On his way to outer space, Sir Richard Branson is taking a detour.
The magnetic billionaire with the electric smile rerouted from his mission to put people in orbit for a trip to San Francisco last week. On a stage shared with Lt. Gov. Gavin Newsom and District Attorney George Gascon — but unmistakably commanded by the blond Brit — Branson entertained his side venture: pushing a future America where we can buy heroin at the corner store, and the citizens aren't all Klansmen in disguise.
You see, from where Branson sits in Britain, America's drug war looks just like a race war. Arrest statistics, prison populations, death statistics — it's unmistakable that America's most-shameful legacy is still with us, he said. "You have to ask yourself: Is this another form of modern-day slavery?" he asked. The mainstream California politicians sitting nearby nodded with approval.
Legalization talk usually ends abruptly at the notion, always farcical and always used rhetorically, of a future where heroin and crack can be bought at a 7-Eleven. Behold the slippery slope.
Yet that's where Branson's at. Portugal, he pointed out, decriminalized all drugs.
"Yes, a country can benefit from decriminalizing heroin as well," he said. The audience ate it up. More applause, more nods. He was killing it. (Branson, by the way, could front the money to legalize marijuana in California tomorrow. He was asked to do just that, and politely demurred.)
This is the major change in drug policy in recent years. You can say these things — that America engages in widespread and blatant racism and that buying heroin at the corner store might not be so bad — and maintain your credibility and your hold on a (mostly white) audience.
It helps to be rich. And it helps to be white.
Dorsey Nunn was also on stage that night. He had a tough time controlling himself.
Nunn is 64 and has spent 30 years running nonprofits and winning awards. That's not how he was introduced. That night he was the victim, the black man unfairly sentenced to life imprisonment for a drug-related crime (he was paroled in 1984). There was the smell of tokenism, but he has bigger worries.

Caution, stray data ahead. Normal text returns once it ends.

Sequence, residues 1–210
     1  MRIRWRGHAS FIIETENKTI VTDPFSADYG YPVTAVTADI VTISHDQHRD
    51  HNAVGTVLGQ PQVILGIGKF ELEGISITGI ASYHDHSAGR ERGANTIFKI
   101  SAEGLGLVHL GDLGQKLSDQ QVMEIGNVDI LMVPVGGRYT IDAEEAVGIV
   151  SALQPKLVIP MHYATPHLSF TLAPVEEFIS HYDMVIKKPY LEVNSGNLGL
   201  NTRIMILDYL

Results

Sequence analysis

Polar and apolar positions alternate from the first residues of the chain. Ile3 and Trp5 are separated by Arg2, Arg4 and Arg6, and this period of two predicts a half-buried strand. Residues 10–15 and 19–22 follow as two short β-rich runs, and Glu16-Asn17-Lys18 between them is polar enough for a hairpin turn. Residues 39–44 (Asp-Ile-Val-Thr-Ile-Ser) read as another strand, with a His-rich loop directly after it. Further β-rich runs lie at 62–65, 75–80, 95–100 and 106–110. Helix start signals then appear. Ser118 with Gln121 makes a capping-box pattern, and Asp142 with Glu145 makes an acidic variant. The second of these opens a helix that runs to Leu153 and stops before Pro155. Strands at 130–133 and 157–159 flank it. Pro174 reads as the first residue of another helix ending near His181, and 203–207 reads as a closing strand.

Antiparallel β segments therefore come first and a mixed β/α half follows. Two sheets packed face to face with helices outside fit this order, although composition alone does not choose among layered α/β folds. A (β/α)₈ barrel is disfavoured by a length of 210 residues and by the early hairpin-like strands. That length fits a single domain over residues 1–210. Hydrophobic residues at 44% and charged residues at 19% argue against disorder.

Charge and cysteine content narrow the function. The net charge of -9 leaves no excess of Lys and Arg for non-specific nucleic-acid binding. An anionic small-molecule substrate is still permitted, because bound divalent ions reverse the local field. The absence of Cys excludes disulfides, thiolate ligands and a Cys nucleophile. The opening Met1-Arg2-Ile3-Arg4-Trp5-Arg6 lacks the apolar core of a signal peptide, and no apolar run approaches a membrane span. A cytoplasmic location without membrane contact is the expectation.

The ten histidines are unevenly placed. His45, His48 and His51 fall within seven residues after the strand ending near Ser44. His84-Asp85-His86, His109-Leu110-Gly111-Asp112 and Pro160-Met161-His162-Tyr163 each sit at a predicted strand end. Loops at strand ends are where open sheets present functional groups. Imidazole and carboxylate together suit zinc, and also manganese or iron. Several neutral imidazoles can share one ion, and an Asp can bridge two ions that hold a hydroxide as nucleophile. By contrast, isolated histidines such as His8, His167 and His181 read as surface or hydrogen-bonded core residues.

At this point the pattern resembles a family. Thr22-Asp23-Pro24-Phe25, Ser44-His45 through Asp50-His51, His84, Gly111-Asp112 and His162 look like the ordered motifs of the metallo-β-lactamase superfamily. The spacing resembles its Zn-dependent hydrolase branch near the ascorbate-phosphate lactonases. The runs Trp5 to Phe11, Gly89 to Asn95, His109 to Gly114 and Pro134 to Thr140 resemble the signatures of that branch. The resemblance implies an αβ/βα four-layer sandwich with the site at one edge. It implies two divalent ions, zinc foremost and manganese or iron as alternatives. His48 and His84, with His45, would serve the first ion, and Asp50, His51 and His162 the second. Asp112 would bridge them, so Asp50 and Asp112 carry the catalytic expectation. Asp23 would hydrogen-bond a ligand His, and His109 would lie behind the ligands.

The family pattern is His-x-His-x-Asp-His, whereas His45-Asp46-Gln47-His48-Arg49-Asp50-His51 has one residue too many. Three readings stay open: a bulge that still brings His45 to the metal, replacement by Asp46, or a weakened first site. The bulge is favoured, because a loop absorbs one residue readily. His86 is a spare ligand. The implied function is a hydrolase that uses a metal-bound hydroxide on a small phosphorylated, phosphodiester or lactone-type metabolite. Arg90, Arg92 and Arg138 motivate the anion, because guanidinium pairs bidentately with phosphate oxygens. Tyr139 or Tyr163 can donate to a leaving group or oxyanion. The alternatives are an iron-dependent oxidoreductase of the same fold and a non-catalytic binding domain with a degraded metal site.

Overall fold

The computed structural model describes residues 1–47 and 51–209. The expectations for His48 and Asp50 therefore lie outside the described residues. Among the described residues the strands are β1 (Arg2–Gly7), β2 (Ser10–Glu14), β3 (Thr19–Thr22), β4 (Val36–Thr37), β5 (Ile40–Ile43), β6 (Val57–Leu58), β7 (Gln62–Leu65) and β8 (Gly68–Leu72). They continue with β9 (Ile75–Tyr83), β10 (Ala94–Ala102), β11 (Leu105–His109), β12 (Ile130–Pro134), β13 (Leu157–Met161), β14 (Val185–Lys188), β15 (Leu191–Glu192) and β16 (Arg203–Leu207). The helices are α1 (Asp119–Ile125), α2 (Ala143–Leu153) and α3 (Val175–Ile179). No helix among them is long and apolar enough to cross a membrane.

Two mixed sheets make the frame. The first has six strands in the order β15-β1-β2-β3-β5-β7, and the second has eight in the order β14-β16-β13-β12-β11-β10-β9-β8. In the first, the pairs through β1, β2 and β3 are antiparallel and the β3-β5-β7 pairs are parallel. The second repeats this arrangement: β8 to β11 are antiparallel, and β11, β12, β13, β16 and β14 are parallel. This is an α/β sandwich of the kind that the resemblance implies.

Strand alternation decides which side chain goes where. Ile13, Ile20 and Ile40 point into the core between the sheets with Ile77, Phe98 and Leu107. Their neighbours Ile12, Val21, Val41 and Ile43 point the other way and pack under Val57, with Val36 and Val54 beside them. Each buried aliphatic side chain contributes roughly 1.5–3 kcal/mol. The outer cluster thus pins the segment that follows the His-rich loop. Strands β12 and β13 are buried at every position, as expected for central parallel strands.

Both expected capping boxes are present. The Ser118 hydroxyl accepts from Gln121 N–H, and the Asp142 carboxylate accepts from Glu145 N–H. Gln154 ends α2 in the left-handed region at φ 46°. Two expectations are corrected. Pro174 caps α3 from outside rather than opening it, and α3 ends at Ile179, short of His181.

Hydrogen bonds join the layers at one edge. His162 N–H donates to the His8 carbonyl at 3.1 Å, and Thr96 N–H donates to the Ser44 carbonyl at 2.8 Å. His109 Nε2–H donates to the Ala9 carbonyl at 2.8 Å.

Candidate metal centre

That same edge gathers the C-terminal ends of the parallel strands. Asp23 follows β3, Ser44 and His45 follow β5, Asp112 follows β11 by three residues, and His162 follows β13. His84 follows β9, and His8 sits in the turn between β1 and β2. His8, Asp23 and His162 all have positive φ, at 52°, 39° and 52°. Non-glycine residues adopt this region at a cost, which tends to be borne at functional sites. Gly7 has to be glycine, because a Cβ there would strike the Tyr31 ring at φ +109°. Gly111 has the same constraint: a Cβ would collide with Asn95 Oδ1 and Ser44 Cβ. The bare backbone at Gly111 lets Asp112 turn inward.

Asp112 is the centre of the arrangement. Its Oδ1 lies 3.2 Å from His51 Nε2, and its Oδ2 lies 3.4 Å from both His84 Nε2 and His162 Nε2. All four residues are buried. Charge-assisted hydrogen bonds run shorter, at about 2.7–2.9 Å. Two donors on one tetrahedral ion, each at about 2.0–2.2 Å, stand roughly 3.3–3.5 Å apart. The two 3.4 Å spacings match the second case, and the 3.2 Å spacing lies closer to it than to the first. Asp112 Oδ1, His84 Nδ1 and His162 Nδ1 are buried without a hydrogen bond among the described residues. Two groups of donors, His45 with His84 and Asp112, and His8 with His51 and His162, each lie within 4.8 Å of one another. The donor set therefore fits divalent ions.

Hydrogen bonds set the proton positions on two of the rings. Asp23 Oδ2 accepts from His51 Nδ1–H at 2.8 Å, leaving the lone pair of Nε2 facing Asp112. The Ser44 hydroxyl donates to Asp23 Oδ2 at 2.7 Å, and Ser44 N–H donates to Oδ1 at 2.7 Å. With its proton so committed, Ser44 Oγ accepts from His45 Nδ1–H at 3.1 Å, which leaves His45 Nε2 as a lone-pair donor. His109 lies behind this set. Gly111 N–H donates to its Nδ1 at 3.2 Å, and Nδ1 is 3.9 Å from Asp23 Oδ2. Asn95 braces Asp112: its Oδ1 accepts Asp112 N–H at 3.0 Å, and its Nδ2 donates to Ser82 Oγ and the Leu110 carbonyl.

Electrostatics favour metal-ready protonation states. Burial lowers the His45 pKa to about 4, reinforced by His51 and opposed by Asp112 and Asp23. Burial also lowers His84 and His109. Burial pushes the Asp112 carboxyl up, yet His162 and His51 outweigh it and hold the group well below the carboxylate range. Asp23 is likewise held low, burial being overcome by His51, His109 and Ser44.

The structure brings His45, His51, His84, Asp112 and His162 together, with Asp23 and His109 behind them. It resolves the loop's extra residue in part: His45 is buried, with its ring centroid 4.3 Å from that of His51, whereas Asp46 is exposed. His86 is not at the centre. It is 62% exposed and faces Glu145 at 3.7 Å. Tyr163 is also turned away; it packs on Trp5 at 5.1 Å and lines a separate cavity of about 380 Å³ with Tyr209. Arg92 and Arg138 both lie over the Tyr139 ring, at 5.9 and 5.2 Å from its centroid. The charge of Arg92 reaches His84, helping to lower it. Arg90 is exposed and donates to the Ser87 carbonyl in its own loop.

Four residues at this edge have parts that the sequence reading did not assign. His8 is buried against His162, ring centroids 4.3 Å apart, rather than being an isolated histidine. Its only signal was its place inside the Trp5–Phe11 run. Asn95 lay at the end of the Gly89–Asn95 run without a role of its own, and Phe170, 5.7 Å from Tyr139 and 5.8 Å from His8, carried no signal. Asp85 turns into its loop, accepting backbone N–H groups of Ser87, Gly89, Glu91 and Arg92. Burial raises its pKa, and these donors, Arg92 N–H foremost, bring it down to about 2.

Nunn is from East Palo Alto. Not long ago, Facebook moved in nearby. Opportunity is here — for some people. Rents are way up, but the struggling schools are the same. Reducing penalties for drug possession from a felony to a misdemeanor like Gascon wants to do is nice — but it's not the help EPA needs. Other people, like him, who are lucky enough to get out of prison with working years left, have a low-wage grind to look forward to, he says. "At the ass-end of the day, we're still being treated like slaves," he said, "working until you are dead." Fewer claps.
Over the phone the next day, Nunn was calm and kind but he was neither apologetic nor circumspect. Hearing people like Branson and Newsom say these things was unthinkable even seven years ago. There's been remarkable progress — but again, for some people.
"Drugs are already decriminalized — for rich white people," he says. "Where do you think [pill-popping] Rush [Limbaugh] got his shit from?"
He asked me what I thought would have happened if he or his sister or brother — who did two-and-a-half years in Soledad for a joint, he notes — would have been busted for a pill addiction like Limbaugh was. He answers for me. "We wouldn't have gotten rehab," he says. "We'd have been in the pen."
That's the problem, he says, continuous separate and unequal treatment under the law — and the uncomfortable truth that Branson, me, and every other white person gets to partake in a luxury that Nunn does not, each and every day. We think about the drug war because we want to. Nunn thinks about it because he's in it.
Hearing Newsom and Branson and Gascon brand American drug policy a "New Jim Crow," just like the best-selling book, is progress. "When they say it, people hear it," Nunn says. But it's not their lives on the line.
"At the end of the day, [they don't] have the same level of skin in the game," he says.
Earlier in the night, Nunn was asked to play tour guide of sorts. He was asked to say what it was really like — if The Wire or other shows white folk might have seen "get it right," if they show the realities of the drug war. He took a few seconds to answer.
"No," he said.
In other words, welcome to the war. You're about 40 years late.